This has been one of my biggest disappointments in grad school. I truly believe it does not need to be like this but so many of these folks have no model other than a still rather juvenille one that involves mostly academic acheivment and failure as the only relevant consequence. Thus I am surrounded by people who are sealed into their scholarly incubators, these uncozy cocoons of romanticized poverty and isolation, waiting to emerge from these ugly lonely years as stunning butterflies. It is so sad really, because most of us will still be little better than worms when we come out. Why can't these folks see that life is what you do right now?
Oh Ruth you've gotten me onto a rant!

12:01 PM, August 01, 2005  
Blogger Kate said...

I too have found a real community in MUA and I have met people who I do think of as real friends, you included, Ruth! :-)

I also feel a strong sense of community in my small town. I have lived here for only 6 years, but I felt accepted and welcomed from the start. Also, when our well failed, our neighbors all called and wanted to help us in any way they could. I was so humbled by how kind people were in reaching out to us.

There is an active historical society. Our little library was an old home in disrepair that the community pulled together to make into an amazing and beautiful centerpeice for our town.

There is a tremendous amount of volunteer effort here. People are very active in local politics. Parents are very involved in the school too. It's a real community.

But in many ways, I think it's weird! I don't know how it got this way. I've never lived anywhere like this before. But I feel really blessed to be a part of it. :-)

12:52 PM, August 01, 2005  
Blogger cjblue said...

Kate, you know I feel exactly the same way, thanks.

I have never been one of those people who have a lot of friends. I have a small handful of very good friends, and like you, Laura, I find that my immediate social group is shrinking. I think part of it is that I've gotten to an age where I expect more from people and don't have time for people who can't at least give what I do to a relationship. So I think in part is *is* me.

The other part of it is that I work with two other people, who happen to be my parents. And I work a lot, and have two kids. So I don't have a lot of time or opportunities to go making friends. That's just got to happen at the same time I'm doing other stuff. Multitasking friendship, heh. And you know firsthand, Laura, I'm not an easy person to get warm & fuzzy with. I don't know what the answer is right now. I'm hoping to find a new synagogue which will open up some new opportunities to commune, as it were. Or I need a new job, which isn't going to happen until I leave this state and who knows when that might be. I'm finding this to be a difficult time in my life, I guess.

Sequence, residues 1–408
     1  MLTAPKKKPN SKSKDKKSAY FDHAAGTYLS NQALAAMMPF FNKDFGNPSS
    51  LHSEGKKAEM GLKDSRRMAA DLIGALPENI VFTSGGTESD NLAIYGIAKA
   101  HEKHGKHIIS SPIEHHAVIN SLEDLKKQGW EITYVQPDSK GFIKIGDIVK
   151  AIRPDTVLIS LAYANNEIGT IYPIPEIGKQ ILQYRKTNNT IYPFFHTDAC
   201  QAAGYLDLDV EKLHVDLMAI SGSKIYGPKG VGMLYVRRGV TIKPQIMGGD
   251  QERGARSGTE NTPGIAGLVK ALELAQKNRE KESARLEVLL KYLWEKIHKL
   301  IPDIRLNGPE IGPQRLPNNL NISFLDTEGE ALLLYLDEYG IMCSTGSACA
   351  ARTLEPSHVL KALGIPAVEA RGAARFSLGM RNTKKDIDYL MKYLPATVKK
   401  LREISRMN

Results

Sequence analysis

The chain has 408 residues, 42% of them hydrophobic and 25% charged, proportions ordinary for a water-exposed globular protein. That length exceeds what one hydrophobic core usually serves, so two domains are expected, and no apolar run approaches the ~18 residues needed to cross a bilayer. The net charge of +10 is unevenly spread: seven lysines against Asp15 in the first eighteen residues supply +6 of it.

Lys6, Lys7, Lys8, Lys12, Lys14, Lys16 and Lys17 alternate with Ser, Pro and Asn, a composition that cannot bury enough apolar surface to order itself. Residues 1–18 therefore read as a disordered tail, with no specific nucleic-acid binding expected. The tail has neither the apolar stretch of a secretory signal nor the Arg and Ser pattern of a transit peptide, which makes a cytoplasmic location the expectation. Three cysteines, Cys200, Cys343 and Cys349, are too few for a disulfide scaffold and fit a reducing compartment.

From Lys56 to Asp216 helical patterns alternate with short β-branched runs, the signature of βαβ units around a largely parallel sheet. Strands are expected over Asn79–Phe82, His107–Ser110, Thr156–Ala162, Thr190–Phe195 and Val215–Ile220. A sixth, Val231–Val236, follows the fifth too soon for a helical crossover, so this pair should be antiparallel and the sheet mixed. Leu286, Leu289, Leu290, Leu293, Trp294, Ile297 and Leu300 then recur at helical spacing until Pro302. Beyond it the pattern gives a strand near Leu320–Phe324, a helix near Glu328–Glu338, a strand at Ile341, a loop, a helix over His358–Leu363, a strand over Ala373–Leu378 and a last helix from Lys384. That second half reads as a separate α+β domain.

4:43 PM, August 01, 2005  
Blogger mireille said...

I think you cover so much ground in this post, R. (and please accept and forgive this disclaimer to my comment: it can only be about me; your situation is much different than mine, i.e. you're younger, have young children, your job situation -- but maybe there can be something in common here) In my first marriage, I wanted desperately to become an integral member of the synagogue in which I was converted and married ... tried, tried, tried and it never clicked. Same feelings with my job and ultimately that marriage. But I now think what I was really after in a search "to belong" in my 30s/40s was a stronger sense of self. No synagogue, affinity group or anything external, really, could ever give that to me. I was really looking for a mirror to look into and have it reflect back at me what I wanted to see. I mean, it came -- I have a sense of being grounded now, I belong. But it's to me ... I stopped looking for externals to make me feel like I belonged. Probably TMI, but FWIW, centering to myself ended up making me feel more connected to everyone else. xoxoxoxo

5:02 PM, August 01, 2005